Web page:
If the husband had control over the widow's benefits and had defaulted on an agreement with his former wife and then transferred the asset or benefit to his new wife, the trial court could have taken the action it did under the doctrine that "equity regards as done that which ought to be done." Hadley v. Passaic Nat'l Bank & Trust Co., 113 N.J. Eq. 548, 551, 168 A. 38 (Ch. 1933). This type of result is often reached with respect to insurance policies where a required beneficiary change has not been made and a constructive trust is imposed. See Vasconi v. Guardian Life Ins. Co. of America, 124 N.J. 338, 346-47, 590 A.2d 1161 (1991); The Prudential Ins. Co. of America v. Reid, 107 N.J. Eq. 338, 341-42, 152 A. 454 (Ch. 1930). But that is not the case here. The ruling of the trial Judge in favor of plaintiff's claims and the balancing of the equities attempted here demonstrates the need for a legislative solution. But a court cannot balance equities by taking a portion of a widow's statutory entitlement and giving it to a former spouse. Whatever good intentions the trial Judge may have had, this result cannot be sustained.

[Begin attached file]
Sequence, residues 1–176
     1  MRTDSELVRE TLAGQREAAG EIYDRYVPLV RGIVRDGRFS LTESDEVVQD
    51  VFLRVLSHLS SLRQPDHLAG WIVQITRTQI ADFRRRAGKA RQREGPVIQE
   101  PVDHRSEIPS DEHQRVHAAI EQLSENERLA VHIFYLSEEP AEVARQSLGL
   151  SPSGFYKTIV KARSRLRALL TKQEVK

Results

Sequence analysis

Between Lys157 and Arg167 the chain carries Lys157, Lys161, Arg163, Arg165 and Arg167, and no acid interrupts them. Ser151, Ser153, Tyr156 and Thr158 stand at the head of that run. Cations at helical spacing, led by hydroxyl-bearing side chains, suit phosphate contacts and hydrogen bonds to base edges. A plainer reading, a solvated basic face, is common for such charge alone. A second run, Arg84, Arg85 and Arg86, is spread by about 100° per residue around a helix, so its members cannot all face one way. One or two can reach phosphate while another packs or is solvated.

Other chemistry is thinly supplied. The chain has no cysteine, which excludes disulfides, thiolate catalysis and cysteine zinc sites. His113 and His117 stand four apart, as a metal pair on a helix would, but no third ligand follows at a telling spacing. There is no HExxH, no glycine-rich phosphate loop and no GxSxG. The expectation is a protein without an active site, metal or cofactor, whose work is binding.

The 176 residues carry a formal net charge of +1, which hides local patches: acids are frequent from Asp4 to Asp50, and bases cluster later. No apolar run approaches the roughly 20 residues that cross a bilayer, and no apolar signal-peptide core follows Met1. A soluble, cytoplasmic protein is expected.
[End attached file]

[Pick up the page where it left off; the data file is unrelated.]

The order appealed from is vacated, and the matter is remanded to the Family Part for an order dismissing the complaint.